Thursday, September 27, 2012

Mae West: Men Wanted

"The Man You Want — MAE WEST Gives You His Number" was printed in the September 1934 issue of Photoplay and written by Helen Harrison.
• • Some of the one-liners from Mae West were taken either from her motion picture scripts or recycled from earlier interviews. For instance, "Men are all alike — except the one you've met who's different" is a sassy line Mae would repeat to reporters.
• • In "The Man You Want," Mae tells her fans that men can be divided into three types: the sweetheart, the father, and the lover.  She advises women to be aware of their own needs first, and be guided by that yardstick when deciding which man might be more suitable for her personality. Very modern thinking for 1934.
• • William Safire [17 December 1929 — 27 September 2009] • •
• • In 1949, William Safire, 20 years old, interviewed sex symbol and "Diamond Lil" star Mae West.
• • William Safire was born on 17 December 1929 in Mae's hometown — — New York City. The youngest of three sons of Oliver C. and Ida Panish Safir [an "e" being added on to clarify pronunciation], Safire graduated from the Bronx High School of Science and attended Syracuse University. However, he quit after his second year in 1949 to take a job with Tex McCrary, a columnist for The New York Herald Tribune who hosted radio and TV shows; the young legman interviewed Mae West, Lucky Luciano, and other known names.
• • In 1978, William Safire won the Pulitzer Prize for distinguished journalism. He died on Sunday, 27 September 2009.  He was 79.
• • On Thursday, 27 September 1934 in Boston Herald • •
• • A review of "Belle of the Nineties" appeared in the Boston Herald on this date.
• • On Friday, 27 September 1935 • •
• • According to "The Encyclopedia of Vaudeville," one greedy variety artist tried to stage his comeback based on a bigamy scandal.  Anthony Slide wrote:  Billed as “Mister Mae West,” Frank Wallace opened in burlesque at the Eltinge Theatre on Friday, 27 September 1935, in an act with Trixie LeMae that he claimed he had performed with his first wife Mae West.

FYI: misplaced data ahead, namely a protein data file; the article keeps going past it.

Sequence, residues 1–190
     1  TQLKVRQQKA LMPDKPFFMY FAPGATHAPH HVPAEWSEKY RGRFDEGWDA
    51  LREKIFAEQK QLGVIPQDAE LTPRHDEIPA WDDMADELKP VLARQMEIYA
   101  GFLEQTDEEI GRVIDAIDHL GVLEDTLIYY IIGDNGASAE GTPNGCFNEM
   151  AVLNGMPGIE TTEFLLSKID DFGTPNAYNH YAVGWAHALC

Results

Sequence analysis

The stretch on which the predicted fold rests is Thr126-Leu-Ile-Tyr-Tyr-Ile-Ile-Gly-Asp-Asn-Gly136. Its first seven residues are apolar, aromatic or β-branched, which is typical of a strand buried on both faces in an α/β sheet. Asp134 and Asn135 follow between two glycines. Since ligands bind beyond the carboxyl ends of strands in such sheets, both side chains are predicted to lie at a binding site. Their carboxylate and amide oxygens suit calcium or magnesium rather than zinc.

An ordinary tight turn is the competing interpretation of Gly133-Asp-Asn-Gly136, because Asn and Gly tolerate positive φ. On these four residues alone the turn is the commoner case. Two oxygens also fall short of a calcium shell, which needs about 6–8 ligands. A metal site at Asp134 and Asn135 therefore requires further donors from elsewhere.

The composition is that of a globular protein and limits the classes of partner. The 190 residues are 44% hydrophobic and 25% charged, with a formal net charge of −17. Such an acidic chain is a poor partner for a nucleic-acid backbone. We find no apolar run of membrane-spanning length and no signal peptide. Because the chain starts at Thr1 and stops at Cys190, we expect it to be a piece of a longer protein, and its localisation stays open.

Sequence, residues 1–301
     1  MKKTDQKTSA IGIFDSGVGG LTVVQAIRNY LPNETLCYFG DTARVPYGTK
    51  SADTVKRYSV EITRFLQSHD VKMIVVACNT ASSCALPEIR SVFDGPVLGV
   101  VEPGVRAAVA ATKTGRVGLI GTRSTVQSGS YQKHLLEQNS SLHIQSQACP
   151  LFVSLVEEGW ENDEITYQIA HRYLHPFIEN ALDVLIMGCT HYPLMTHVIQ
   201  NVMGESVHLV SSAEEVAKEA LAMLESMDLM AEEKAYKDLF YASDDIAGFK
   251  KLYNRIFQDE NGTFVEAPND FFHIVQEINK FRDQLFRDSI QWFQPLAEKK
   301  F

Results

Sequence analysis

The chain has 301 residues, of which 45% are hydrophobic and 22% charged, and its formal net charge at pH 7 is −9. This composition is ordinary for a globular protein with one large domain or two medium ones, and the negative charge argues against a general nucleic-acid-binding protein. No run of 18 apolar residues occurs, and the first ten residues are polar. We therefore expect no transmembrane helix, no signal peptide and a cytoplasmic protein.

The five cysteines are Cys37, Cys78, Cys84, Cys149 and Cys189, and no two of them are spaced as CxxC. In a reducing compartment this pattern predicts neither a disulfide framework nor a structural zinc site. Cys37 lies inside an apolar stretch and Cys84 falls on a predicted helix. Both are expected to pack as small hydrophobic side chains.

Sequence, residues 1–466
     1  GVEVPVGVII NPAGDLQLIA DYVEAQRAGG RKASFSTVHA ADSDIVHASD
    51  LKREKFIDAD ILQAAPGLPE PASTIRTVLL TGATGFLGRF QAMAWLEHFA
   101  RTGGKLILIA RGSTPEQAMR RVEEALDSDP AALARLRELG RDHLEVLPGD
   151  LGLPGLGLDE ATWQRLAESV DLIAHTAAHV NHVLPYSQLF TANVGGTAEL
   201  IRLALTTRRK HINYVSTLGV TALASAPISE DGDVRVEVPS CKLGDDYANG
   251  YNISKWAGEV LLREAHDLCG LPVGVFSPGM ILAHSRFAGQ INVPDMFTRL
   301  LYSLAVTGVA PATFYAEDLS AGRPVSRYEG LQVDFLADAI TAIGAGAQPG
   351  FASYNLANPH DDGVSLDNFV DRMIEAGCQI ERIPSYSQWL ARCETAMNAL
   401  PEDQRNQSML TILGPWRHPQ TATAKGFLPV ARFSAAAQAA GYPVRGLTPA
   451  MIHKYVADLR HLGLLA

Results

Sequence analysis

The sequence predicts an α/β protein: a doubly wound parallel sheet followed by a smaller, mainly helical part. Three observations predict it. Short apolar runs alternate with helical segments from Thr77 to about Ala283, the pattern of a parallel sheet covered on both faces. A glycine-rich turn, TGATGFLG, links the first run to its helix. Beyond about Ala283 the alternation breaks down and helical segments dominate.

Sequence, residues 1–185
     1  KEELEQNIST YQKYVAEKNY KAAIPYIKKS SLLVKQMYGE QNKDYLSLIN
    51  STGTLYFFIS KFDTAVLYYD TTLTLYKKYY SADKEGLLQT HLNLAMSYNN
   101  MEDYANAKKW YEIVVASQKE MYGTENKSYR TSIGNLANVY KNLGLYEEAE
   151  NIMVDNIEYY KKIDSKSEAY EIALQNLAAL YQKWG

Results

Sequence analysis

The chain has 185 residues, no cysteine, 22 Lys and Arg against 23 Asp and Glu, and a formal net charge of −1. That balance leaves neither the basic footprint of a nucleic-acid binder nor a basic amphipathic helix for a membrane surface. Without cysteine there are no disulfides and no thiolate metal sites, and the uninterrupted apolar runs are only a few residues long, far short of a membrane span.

• • On Wednesday, 27 September 1961 in Variety • •
• • Mae West starred in the stage comedy "Come On Up" during the summer of 1961. She had observed something done by the Shuberts — — the placement of a publicity ad in the trade papers after a show closed. This is what she did when "Come On Up" closed, too, and her advertisement in Variety (in their issue dated for 27 September 1961) recapped positive comments from the reviews.
• • In Her Own Words • •
• • Mae West said: "I'd add hot lines and jokes that I knew they'd cut."
• • Quote, Unquote • •
• • An item in TV Guide in 1963 mentioned Mae West.
• • TV Guide wrote:  Mae West is negotiating for a comedy cartoon series, "Pretty Mae," which would feature her voice behind a cartoon caricature of herself. Her only previous TV appearances have been the 1958 Oscar telecast and a "Red Skelton Hour" three years ago.
• • Source: News Item: "Coming Up" written by staff for TV Guide; published on Saturday, 18 May 1963
By the Numbers • •
• • The Mae West Blog was started eight years ago in July 2004. You are reading the 2440th blog post. Unlike many blogs, which draw upon reprinted content from a newspaper or a magazine and/ or summaries, links, or photos, the mainstay of this blog is its fresh material focused on the life and career of Mae West, herself an American original.
• • Come up and see Mae every day online:

Source: to Google

• • Photo:
• • Mae West • 1934
• •
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